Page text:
Will CEOs get a White House invite?

Fully Charged
Bloomberg

Hey y'all, it's Austin. One of Donald Trump's first acts as U.S. president-elect four years ago, even before inauguration, was to host a high-profile summit of top technology executives at Trump Tower. The December 2016 spectacle was intended to show off Trump's pro-business agenda and tout his ties to the innovators of America's economy.

It's a safe bet that team Biden won't be planning the same pageantry following his election victory over the weekend.

Looking back at that first tech confab, it's stunning how much the relationship between Washington and Silicon Valley has soured in the last four years. At the time, Trump sat in a conference room alongside the likes of Jeff Bezos, Larry Page, Sheryl Sandberg and Tim Cook for a roundtable that served as a televised testament to the president-elect's art-of-the-deal flair.

Trump talked up the market's rise since his election ("so everybody in this room has to like me a little bit"), and said his goal was to keep the tech companies' "incredible innovation" going. "I'm here to help you folks do well," he said.

Today, there's a sense among both Republicans and Democrats that the technology industry is doing too well. In spite of the Covid-19 pandemic and economic downtown, sales and profits have been booming. Market caps are measured in trillions. The biggest tech companies are swallowing up promising competitors.

"These firms have too much power, and that power must be reined in and subject to appropriate oversight and enforcement," read a U.S. House antitrust subcommittee report issued last month. "Our economy and democracy are at stake."

Now that Biden has been elected, he's unlikely to reverse the tide of big tech vilification.

On the campaign trail, Biden called for a repeal of Section 230, the law that shields internet services from liability related to user-generated content. He suggested he'd push for Europe-like digital privacy standards. He's repeatedly knocked Amazon.com Inc. for not paying enough federal income taxes. And he's also taken digs at Facebook Inc. Chief Executive Officer Mark Zuckerberg, who he called "a real problem," for the social network's approach to policing hate speech and disinformation on the platform.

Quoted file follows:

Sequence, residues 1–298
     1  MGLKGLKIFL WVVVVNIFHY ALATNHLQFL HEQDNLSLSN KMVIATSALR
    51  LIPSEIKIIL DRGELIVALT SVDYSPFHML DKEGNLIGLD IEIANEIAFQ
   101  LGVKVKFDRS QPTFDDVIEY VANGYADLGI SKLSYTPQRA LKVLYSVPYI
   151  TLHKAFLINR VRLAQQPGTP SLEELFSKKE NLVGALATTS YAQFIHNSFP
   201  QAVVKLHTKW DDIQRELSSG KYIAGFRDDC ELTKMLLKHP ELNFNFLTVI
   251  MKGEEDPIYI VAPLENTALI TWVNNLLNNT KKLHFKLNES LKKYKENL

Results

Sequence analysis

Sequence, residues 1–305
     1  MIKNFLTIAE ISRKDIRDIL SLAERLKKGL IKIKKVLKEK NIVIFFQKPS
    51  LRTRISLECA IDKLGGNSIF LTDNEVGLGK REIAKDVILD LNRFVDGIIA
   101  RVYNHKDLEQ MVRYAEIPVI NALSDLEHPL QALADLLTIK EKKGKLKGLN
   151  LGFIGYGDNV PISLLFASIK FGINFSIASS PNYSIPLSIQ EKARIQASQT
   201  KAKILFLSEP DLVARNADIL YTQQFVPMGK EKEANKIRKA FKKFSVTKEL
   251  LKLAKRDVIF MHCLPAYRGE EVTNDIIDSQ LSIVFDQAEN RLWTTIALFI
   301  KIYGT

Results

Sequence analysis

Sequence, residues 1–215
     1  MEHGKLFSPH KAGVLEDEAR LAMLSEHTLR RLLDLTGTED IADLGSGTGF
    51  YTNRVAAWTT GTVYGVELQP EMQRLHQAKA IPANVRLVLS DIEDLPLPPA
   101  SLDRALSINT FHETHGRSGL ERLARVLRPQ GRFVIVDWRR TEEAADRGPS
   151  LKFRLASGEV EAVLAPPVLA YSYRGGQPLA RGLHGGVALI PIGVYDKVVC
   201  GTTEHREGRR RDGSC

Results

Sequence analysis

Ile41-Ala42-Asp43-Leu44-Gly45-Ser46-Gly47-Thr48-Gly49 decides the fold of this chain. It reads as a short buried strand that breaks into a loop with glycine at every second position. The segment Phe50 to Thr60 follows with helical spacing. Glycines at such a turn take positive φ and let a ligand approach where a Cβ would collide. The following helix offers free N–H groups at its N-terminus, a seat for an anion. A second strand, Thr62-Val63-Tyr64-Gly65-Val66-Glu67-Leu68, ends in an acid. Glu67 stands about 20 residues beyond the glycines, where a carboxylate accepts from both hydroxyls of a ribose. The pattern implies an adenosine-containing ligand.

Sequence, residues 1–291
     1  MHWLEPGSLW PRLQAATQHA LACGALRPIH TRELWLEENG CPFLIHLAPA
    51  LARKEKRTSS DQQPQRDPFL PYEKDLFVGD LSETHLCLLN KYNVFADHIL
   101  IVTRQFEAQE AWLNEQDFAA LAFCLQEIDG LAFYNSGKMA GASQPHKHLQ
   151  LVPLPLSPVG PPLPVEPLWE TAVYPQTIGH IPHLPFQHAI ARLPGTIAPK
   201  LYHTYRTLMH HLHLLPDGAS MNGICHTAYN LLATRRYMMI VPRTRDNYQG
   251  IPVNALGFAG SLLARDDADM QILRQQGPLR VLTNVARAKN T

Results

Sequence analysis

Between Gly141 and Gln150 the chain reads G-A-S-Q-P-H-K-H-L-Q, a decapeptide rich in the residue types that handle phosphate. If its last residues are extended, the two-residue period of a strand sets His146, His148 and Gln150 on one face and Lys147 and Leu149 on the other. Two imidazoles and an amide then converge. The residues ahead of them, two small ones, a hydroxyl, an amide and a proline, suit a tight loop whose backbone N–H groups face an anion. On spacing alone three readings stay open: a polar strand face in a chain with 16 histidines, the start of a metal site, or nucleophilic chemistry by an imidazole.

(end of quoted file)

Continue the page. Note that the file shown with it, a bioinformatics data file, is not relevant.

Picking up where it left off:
But there's reason to be skeptical that President-elect Biden will be reflexively anti-tech. The Obama administration was seen as friendly with internet companies like Google. Political contributions this year from the tech community largely flowed to Biden, suggesting it's not all that nervous about a Democratic presidency. And Biden's running mate, Vice President-elect Kamala Harris, is a California native with roots in the Silicon Valley area.

Even if Biden did want to enact sweeping tech regulations, he would likely have a hard time getting them through the Senate if it remains in the control of Republicans, whose ire has focused on perceived censorship of conservatives on social media.   

It's still too early to say whether Biden and Harris's campaign rhetoric will result in concrete policies limiting tech's reach and market power. But don't expect Biden to rush into any photo-ops with Zuckerberg and Bezos anytime soon. Austin Carr

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Steve Bannon has been suspended from Twitter after calling for Anthony Fauci's head to be mounted on a pike

With Square shares soaring 211% this year, analysts see potential for the fintech service to transform into an Alipay-like "super app" for broader consumer needs.

U.K.-based chip designer Graphcore is said to be raising funds at a $2 billion-plus valuation. Meanwhile, another British tech company, game developer Codemasters, is considering an acquisition by Grand Theft Auto-maker Take-Two Interactive.  

The Winklevii are billionaires once again thanks to a surge in the price of Bitcoin, which has more than doubled this year to $15,433.

 

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